Like the two sons in the Gospel, we are called to work in the Father's vineyard. The vineyard is your house and my house. The vineyard is your life and my life. The vineyard is that place where others are reaching out to us, seeking the love of Christ in us. They long for Jesus. And they can find Him. They can find Him within us, within us as Church and within us as individuals.
For God to work through us, we have to take on the humility of Christ and be more concerned with those for whom we are called then with ourselves.
As a priest, I have had times when I’ve been treated rather poorly and have come close to saying, “This I don’t need. Let them figure out how to handle this without me.” There are times that I want to pack up and go home. Then I have to ask myself, “Why am I here in the first place?” I often have to remind myself that I am a priest, and the people need a priest. When I realize that, I am far more open to letting God work through me.
I am sure you have had similar situations. I am sure that every married person has had to be more concerned with caring for his or her spouse then with how he or she has been treated by that same spouse. One snaps at the other, and the other has various choices: retaliate and snap back, employ the old classic passive aggressive behavior known as the silent treatment, sulk, or say, “I’m sorry for my part in this,” and look for something to do together to change the subject and ease the upset. Certainly, the silliest words ever uttered by Hollywood were from the old movie, Love Story, “Love means never having to say you are sorry.” No, love means always having to say you are sorry. However, that takes humility. Pride and marriage cannot co-exist, at least not peacefully. Nevertheless, through humility you can be like Jesus for each other.
I am also sure that every parent has had to swallow hard when their children have said something thoughtless. Pre-Teens and teenagers can get snarly or develop an attitude. Parents know that they have to be more concerned with caring for the children than their own feelings. Parents do not bring children into the world so they can have little people telling them how wonderful they are. They have children to expand their love and to fill the world with new reflections of God’s love. And yes it is an important part of parenting to bring children up to respect authority, but for their sake, not for the parents’ sake.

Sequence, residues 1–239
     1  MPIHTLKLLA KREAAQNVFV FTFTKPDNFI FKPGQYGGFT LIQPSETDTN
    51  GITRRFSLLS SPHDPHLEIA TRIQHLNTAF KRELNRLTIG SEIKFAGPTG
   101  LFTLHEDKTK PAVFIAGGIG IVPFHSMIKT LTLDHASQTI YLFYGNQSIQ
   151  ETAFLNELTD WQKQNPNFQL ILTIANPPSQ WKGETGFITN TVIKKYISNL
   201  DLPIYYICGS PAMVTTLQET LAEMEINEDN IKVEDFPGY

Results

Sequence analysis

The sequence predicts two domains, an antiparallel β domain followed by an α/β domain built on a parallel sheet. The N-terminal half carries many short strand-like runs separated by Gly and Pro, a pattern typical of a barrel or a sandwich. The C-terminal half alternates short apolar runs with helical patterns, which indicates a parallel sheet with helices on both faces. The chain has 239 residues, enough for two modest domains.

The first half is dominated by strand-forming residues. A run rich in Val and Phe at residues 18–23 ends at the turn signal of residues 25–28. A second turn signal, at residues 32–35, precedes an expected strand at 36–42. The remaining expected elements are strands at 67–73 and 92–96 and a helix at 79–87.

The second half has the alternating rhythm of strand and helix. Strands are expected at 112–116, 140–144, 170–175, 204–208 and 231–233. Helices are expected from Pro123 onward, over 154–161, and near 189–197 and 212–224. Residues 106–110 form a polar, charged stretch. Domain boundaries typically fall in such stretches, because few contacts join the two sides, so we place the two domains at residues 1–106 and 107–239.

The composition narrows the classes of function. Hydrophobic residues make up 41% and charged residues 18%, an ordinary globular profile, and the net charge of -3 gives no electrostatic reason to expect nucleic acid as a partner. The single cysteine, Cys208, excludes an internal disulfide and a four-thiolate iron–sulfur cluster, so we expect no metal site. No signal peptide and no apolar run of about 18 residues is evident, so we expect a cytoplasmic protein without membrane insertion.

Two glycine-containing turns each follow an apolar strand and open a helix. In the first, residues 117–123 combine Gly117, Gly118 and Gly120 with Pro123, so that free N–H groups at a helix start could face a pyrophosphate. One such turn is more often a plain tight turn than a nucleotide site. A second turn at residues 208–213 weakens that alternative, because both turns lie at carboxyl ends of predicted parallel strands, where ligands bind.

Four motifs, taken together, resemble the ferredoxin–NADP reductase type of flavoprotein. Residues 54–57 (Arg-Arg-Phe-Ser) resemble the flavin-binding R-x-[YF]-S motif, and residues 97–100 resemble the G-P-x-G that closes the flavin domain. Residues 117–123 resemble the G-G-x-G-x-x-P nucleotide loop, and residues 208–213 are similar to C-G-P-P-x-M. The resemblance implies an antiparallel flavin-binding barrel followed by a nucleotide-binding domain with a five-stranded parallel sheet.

Finally, I am sure that every single person has been confronted with the choice of serving God or receiving the proper respect he or she feels due. We cannot serve God when we are concerned about how we are treated by others.
Matthew 16:24: “If anyone would come after me, let him deny himself, take up his cross and follow me.” We know that this means accepting our suffering so the world can be filled with sacrificial love, and the Kingdom of God might grow. But we usually just relegate this and parallel passages to the way that we handle crises, perhaps a diagnosis of cancer, the death of a spouse or some other such crisis. Today’s second reading is more expansive. It directs us to take up our cross in our daily lives. It tells us that to follow Christ we have to change our attitude in life to be like His.
We have to be like the One who humbled Himself. This is difficult. It is difficult because pride is so deeply rooted in each of us. But through the Grace of God we can conquer pride. We can be the people that God needs us to be for His Kingdom. Christ is the victor. With Him we can conquer all that holds us back. And so we pray to the Father in the Third Eucharistic prayer, “May He make of us an eternal offering to you.”